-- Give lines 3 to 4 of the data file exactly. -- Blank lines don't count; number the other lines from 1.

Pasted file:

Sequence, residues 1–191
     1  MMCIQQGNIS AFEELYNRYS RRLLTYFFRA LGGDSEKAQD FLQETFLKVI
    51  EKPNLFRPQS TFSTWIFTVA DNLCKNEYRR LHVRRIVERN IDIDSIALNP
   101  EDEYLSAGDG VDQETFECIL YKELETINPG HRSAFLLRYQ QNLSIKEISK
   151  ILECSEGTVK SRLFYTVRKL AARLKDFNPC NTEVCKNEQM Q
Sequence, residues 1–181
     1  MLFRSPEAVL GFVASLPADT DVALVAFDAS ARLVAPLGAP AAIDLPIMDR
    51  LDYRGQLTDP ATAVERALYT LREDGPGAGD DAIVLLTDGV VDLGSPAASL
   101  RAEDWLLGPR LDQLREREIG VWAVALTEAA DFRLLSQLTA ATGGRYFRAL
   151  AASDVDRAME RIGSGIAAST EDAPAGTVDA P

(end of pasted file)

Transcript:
    51  EKPNLFRPQS TFSTWIFTVA DNLCKNEYRR LHVRRIVERN IDIDSIALNP
   101  EDEYLSAGDG VDQETFECIL YKELETINPG HRSAFLLRYQ QNLSIKEISK